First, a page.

A Week in the Life of a Campus Pastor
We chuckle at the old joke, a pastor only works one hour a week. We know that cannot be exactly true, yet many remain unsure of what occurs between Sundays.
I understand the question from both sides. I’ve served as a pastor/church planter for nearly seven years now, but for my 42 previous years I was a church attender who really didn’t know what pastors did during the week. This article will help answer that question for curious minds, focusing on the role of a campus pastor at Horizons Church in WV.
Horizons is a multi-site church with seven locations around the Mountain State, plus an online audience. Our original location is in Lost Creek, and has several pastors and staff who serve in specific ministry capacities (for example, one pastor oversees the serve ministry while another oversees the groups ministry). Six satellite campuses have been strategically planted in rural towns, including Junior, where I pastor. Our other five locations are in Buckhannon, Gerrardstown, Grafton, Salem, and Weston. Altogether, we average about 1,500 attending our weekend services.
We campus pastors wear many hats, as there is only one of us at each church location – yet we benefit from the “team approach” at Horizons. One reason I love my job is the variety – every day is fairly liquid and can change depending on the demands of the day, and ministry focuses change based on the season. That said, here is a “typical” week at a glance.
Our team begins the work week in a group environment at our Lost Creek location, praying for each other’s needs and brainstorming for the week ahead. We campus pastors discuss how our ministry is going, encourage each other with ideas and best practices for what is working well, and act as think-tank listeners. We then meet with the preaching team to better understand the sermon plan, and coordinate upcoming special events such as communion, baptisms, church-wide youth events, membership classes, biblical learning classes, and more.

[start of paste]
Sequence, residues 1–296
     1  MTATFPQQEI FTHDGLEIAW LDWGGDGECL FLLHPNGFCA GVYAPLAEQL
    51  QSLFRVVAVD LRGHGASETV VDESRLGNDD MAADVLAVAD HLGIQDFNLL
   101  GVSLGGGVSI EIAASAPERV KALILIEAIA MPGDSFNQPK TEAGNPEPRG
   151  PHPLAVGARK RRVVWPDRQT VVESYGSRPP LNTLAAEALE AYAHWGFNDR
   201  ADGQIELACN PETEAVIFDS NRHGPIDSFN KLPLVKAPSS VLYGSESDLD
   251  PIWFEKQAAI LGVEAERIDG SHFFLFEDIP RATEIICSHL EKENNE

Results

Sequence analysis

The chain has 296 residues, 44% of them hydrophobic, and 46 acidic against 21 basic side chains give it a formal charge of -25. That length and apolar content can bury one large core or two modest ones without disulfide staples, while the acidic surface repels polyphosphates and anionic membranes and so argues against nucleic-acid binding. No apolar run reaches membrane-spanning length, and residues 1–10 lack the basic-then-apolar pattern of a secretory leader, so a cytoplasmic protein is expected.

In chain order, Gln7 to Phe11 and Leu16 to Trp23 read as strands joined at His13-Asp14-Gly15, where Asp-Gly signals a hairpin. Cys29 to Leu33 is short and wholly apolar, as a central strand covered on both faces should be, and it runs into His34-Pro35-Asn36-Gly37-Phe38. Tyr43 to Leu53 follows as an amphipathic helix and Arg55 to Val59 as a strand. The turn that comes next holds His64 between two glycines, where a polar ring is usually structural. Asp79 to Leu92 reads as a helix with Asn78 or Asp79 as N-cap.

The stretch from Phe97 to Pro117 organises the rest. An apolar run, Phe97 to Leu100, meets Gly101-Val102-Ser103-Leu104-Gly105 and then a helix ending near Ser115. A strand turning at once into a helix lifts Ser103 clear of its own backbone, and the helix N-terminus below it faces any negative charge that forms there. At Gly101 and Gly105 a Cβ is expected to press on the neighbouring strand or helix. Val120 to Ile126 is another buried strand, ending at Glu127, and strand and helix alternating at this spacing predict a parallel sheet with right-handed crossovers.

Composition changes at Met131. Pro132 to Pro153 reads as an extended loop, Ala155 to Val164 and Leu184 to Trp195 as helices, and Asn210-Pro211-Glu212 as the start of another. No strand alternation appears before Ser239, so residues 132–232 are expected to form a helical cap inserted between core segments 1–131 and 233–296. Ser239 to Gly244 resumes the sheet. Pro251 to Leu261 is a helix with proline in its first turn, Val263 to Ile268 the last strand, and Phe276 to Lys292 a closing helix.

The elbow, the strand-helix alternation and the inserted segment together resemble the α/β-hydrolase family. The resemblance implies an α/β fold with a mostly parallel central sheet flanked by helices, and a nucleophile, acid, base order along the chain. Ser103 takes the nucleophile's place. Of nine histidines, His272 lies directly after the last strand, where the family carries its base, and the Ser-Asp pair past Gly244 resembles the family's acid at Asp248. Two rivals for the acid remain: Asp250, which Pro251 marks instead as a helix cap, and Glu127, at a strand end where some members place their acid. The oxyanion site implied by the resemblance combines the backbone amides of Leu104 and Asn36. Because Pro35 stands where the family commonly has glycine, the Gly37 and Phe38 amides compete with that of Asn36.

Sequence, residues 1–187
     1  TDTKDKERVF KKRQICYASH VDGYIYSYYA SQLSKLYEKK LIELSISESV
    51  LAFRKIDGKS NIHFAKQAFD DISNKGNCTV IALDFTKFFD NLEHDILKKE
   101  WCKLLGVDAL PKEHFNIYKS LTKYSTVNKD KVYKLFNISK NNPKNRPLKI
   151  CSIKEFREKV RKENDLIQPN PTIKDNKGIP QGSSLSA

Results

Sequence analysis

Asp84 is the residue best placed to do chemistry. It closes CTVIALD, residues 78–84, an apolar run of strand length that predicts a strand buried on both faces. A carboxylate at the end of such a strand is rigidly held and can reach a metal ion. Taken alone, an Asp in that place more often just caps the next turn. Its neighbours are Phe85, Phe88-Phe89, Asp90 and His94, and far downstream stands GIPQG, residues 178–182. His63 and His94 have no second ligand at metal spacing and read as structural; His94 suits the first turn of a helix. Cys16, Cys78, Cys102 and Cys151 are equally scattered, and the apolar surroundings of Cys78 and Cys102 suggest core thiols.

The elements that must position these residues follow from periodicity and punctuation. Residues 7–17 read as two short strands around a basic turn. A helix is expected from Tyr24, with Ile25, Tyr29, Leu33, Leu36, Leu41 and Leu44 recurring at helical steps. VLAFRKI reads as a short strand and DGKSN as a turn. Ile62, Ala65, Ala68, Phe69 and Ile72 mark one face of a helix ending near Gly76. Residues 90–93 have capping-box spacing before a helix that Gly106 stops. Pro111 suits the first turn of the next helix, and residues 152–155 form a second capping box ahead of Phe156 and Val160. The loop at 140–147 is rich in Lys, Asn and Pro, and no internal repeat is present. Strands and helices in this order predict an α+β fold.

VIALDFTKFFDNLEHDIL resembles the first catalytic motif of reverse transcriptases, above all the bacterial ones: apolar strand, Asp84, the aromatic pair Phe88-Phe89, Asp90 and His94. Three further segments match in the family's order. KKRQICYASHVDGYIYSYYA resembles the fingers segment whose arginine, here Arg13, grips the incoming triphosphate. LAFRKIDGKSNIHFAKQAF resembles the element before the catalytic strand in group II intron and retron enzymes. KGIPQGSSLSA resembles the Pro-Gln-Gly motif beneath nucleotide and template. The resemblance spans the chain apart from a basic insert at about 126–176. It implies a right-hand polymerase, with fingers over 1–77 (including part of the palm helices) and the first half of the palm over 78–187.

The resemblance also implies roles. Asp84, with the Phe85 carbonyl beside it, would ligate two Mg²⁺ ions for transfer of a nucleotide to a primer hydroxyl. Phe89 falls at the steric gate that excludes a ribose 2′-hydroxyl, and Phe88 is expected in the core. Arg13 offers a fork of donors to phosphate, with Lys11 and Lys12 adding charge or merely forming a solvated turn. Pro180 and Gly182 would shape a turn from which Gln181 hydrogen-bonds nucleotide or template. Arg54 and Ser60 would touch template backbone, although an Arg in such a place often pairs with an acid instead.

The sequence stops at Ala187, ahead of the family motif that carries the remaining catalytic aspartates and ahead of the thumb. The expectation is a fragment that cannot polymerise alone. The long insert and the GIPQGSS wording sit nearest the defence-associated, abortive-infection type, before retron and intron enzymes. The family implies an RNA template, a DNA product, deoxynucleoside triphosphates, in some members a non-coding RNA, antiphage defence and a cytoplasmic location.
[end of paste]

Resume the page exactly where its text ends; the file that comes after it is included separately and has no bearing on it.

Resourcing is a key part of any leader’s responsibility, so after lunch with colleagues I find myself shopping for our campus needs – Welcome Center supplies, kids crafts, janitorial cleaners, building-improvement items, etc.
That afternoon I also make a hospital visit as needed, and follow-up with guests from the weekend. I communicate our Sunday plan with our worship coordinator to begin planning our song list. I type up the prayer requests our people shared on their Connection Card and email them to our prayer team, and I pray for them as well. I count it a privilege that our folks trust us to share their concerns and give us the opportunity to take their requests to our Lord.
After knocking out administrative tasks like entering attendance data and scanning receipts, planning continues: preparing for my next Community Group (home-based Bible study), Youth Group lesson, an upcoming class or pre-marital counseling session, or occasionally writing a sermon for an upcoming service. Our satellite campuses are video-based, so our sermons are usually broadcast from Lost Creek – freeing us campus pastors up to focus on pastoral care.
I find this a good day to also deepen my own understanding of the Bible and ministry by reading articles and books, watching video teaching on RightNow Media, and listening to podcasts or webinars. I post pertinent stories on our campus Facebook group/page which I manage, and share with my colleagues. I also write occasional articles like this one for the Horizons Resources page, or an article promoting an upcoming church event to publish in our local newspaper or for posting on local Community Facebook pages.
I have a lunch meeting with Heart and Hand, a local non-profit organization that helps needy area families. In the evening, I attend one of the Community Groups hosted by key volunteers.